Bloomingdales and Buying
“When Bloomingdales wanted me to come work here, I just thought it was going to be a really fabulous opportunity for me to work even closer with buyers, closer with the product… I was bringing an ability to tell stories with product, and my ability to discern what I thought the trends that our consumer would actually buy into, were going to be,” he says.
“One of the things that I thought was very important was to tell stories based on all categories of the business, not to just have a story that only reflected classic sportswear or the denim market. Menswear is different from women’s in that things don’t only last for a season,” continues Peskovitz.
Peskowitz is a firm believer in going into the five-week seasonal whirlwind of collections, across New York, London, Milan and Paris with a pre-agreed, but flexible, game plan. “You have to start off the season with a very distinct idea of what you want to do in terms of the stories that you want to tell. Then it really is about being able to communicate those ideas to the buying core, the marketing team, the people who do the floor sets and the people who do the window displays,” he explains.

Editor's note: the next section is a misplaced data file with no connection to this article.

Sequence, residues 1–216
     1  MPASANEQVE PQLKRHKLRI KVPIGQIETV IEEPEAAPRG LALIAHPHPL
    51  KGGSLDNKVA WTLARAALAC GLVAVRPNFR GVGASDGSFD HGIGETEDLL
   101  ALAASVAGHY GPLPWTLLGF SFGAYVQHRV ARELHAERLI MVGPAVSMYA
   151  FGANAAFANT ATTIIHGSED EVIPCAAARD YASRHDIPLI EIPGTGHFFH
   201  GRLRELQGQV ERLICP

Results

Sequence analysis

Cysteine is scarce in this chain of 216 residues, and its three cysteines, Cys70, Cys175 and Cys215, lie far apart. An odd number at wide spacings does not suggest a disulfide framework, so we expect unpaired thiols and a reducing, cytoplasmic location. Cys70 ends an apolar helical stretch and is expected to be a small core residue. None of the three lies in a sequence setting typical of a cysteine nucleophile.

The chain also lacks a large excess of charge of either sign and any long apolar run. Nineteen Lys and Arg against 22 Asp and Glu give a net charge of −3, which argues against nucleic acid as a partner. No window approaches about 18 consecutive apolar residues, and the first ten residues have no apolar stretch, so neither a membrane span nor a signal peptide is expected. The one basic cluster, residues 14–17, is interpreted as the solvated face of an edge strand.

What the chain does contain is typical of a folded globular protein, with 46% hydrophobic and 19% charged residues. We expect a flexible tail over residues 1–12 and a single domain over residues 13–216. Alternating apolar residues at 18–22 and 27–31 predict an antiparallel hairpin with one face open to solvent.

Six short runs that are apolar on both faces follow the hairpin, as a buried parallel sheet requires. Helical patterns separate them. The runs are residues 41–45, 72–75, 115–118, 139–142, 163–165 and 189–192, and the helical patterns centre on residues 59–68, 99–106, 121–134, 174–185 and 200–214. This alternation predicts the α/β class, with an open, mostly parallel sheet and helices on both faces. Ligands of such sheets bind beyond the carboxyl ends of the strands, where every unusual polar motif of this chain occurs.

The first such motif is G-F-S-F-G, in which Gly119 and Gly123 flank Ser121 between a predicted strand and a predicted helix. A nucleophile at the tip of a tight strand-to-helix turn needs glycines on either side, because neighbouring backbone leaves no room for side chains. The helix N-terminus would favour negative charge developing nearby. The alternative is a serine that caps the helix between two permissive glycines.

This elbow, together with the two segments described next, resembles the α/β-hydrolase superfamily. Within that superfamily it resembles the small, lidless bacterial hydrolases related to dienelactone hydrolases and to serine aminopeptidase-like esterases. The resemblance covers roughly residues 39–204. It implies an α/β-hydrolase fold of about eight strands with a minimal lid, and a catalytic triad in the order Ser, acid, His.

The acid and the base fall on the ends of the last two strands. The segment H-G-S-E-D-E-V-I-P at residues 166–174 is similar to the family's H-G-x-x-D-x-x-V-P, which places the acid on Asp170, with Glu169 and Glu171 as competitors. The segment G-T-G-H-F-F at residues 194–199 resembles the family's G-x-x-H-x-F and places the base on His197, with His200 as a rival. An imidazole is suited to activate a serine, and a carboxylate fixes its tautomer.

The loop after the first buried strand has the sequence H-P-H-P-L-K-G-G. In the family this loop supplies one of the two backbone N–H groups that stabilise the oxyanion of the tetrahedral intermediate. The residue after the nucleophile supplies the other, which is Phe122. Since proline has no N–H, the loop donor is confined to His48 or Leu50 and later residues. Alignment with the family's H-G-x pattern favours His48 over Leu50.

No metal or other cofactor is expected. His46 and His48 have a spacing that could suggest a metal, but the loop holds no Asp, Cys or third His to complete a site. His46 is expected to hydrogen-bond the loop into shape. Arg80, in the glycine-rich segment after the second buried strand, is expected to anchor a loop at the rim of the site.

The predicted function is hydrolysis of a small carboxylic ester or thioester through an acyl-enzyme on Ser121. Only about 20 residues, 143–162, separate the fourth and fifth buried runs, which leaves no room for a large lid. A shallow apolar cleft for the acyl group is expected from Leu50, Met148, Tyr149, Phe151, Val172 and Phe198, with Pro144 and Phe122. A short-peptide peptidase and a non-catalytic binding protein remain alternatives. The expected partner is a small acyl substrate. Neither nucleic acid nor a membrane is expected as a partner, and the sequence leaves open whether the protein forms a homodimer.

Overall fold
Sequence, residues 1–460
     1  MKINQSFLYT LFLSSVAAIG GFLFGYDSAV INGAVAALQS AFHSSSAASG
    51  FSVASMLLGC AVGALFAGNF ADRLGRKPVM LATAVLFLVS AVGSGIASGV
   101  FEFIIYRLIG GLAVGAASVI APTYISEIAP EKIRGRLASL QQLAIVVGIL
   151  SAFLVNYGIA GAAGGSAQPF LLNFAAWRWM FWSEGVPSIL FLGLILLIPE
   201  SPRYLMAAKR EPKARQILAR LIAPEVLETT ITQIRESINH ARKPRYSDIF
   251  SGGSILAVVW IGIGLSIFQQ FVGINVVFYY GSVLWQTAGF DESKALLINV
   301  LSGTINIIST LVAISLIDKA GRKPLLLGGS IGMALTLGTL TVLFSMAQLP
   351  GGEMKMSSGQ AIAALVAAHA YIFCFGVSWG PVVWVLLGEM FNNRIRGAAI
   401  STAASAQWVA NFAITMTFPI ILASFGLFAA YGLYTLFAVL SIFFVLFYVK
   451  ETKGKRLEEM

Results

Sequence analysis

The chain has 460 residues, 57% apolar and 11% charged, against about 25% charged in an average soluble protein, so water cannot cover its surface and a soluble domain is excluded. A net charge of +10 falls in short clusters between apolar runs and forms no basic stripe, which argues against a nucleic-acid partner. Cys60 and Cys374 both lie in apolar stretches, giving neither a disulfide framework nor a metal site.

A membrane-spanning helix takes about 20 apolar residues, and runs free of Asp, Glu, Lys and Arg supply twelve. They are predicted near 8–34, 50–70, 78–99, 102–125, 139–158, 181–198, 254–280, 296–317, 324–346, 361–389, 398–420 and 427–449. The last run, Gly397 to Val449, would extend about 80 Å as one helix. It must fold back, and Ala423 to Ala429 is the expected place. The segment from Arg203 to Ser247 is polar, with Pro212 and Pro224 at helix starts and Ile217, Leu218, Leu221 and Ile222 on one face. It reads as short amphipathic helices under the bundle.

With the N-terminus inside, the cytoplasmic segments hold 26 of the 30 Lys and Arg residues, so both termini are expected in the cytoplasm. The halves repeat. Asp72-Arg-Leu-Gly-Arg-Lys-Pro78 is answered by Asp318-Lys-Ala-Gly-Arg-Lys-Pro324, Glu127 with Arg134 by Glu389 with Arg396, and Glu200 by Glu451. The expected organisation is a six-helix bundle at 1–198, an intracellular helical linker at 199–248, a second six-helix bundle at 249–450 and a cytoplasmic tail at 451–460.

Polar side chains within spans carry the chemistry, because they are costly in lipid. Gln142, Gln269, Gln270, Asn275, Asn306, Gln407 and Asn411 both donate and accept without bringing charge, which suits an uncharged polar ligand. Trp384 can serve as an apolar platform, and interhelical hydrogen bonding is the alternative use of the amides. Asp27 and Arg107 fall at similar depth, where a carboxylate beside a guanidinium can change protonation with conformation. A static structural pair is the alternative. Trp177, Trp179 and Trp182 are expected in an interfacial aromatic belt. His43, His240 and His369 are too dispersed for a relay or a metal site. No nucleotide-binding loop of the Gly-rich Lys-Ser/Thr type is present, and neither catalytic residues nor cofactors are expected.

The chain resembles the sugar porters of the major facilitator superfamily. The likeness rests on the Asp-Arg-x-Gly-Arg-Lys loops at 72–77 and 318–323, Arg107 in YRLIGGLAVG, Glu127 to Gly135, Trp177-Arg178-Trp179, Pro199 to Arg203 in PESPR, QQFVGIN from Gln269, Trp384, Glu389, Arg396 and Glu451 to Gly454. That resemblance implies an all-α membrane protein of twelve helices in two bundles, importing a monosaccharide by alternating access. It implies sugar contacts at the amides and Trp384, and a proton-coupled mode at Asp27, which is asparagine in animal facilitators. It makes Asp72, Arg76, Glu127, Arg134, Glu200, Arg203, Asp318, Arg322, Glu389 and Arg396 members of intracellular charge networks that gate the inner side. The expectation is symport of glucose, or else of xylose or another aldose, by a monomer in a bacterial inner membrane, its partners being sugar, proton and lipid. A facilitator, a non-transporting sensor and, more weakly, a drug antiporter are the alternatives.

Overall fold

Findings take the form of a trend document. “Usually those documents end up being directly correlated to the stories that we tell in our twice yearly catalogue, the Men’s Catalogue. And that’s really a jumping off point. A lot of that artwork ends up being utilised on Bloomingdales.com, the floor set, in window displays — at least at concept [stages],” says Peskowitz.“The people that I work with here at Bloomingdales are world class. I love them and I’ve learned a lot from them. This experience has allowed me to take the next step.”
With the opening of Magasin, his independent venture, Peskowitz is palpably excited and with a decade at the forefront of men’s fashion, his enthusiasm for the product hasn’t waned. “I’ve never really done anything else…The joy of making dope shit is something that — pardon my language — is a privilege.”